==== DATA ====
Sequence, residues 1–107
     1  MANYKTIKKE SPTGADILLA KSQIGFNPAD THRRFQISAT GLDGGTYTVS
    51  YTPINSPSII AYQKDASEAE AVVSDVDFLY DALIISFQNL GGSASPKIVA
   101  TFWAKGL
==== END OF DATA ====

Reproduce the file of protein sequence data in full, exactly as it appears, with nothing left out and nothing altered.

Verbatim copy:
Sequence, residues 1–107
     1  MANYKTIKKE SPTGADILLA KSQIGFNPAD THRRFQISAT GLDGGTYTVS
    51  YTPINSPSII AYQKDASEAE AVVSDVDFLY DALIISFQNL GGSASPKIVA
   101  TFWAKGL